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Saturday, July 13, 2013

Pattern Recognition

Pattern Recognition

"And all shall be well and All manner of thing shall be well When the tongues of flame are in-folded Into the crowned knot of fire And the fire and the rose are one." In this strange passage from Little Gidding, poet T.S. Eliot links the mental image of a rose to the image of an infolded knot of flame. We see the connection; yes, a rose does look something like a knot of fire.

Much has been written about intuition and creativity. Most of it is wrong.

Allow me to explain; Intuition is merely pattern recognition, a principal function of the right hemisphere of your brain. Centered in that wordless realm, intuition whispers, "I've seen this movie, or one similar to it, so I think I know how it ends." But your right brain is without word-language, so this thought must emerge in your consciousness only as a hunch, a gut feeling, a precognition, an inexplicable insight. When such insights flow unrestricted from the right brain to the left and then out through the tip of a pen, they become powerful, poetic language, such as that of T.S. Elliot above. When from the tip of a brush, fine art. And when from the point of a draftsman's pencil, a new invention.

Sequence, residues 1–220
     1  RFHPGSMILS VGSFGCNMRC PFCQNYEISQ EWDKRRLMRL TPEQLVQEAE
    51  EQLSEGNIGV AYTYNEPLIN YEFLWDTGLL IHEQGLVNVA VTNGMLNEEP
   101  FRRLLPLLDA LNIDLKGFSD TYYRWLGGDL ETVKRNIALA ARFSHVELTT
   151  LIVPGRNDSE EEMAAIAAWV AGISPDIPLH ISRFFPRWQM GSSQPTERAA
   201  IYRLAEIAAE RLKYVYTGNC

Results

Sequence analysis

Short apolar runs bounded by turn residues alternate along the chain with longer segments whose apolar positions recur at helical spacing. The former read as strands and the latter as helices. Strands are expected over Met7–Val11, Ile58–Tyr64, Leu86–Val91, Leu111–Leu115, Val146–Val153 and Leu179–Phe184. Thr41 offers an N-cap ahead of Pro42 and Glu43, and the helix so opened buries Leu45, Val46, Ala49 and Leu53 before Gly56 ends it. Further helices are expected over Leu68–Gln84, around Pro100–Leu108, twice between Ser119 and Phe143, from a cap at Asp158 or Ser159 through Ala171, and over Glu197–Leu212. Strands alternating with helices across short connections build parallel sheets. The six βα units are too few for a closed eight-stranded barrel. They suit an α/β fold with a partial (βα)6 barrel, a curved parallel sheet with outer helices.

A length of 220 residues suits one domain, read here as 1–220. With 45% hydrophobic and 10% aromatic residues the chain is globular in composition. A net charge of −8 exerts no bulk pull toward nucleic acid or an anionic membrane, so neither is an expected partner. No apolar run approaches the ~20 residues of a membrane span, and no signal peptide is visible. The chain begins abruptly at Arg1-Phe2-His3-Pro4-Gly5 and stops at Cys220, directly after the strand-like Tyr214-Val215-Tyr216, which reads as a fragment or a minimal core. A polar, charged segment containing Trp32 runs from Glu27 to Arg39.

Intuition and art, indeed all "creativity," is based upon seeing the link between two dissimilar things that have no obvious connection.

Gutenberg connected coins to books and invented the printing press. The link between them: duplication. "Gosh, if a coin die will stamp an image onto countless pieces of metal to make coins, couldn't the same be done with letters of the alphabet to make the pages of a book? All I would need is something to hold the movable letters in place that could then be easily lifted up and pressed down. A wine press! I'll use the plate of a wine press to hold the letters!" And the world was changed that day.

Your left brain is the home of sequential, logical, analytical thought - business thought - always seeking to forecast a result; "What is the next step? How do I get to the next level? What would be correct?" For those familiar with the Myers-Briggs instrument, left-brain preferences are identified by the S and J designations.

Your right brain is the place of complex, fantastical abstract thought, ever seeking to find a pattern.---Roy H. Williams

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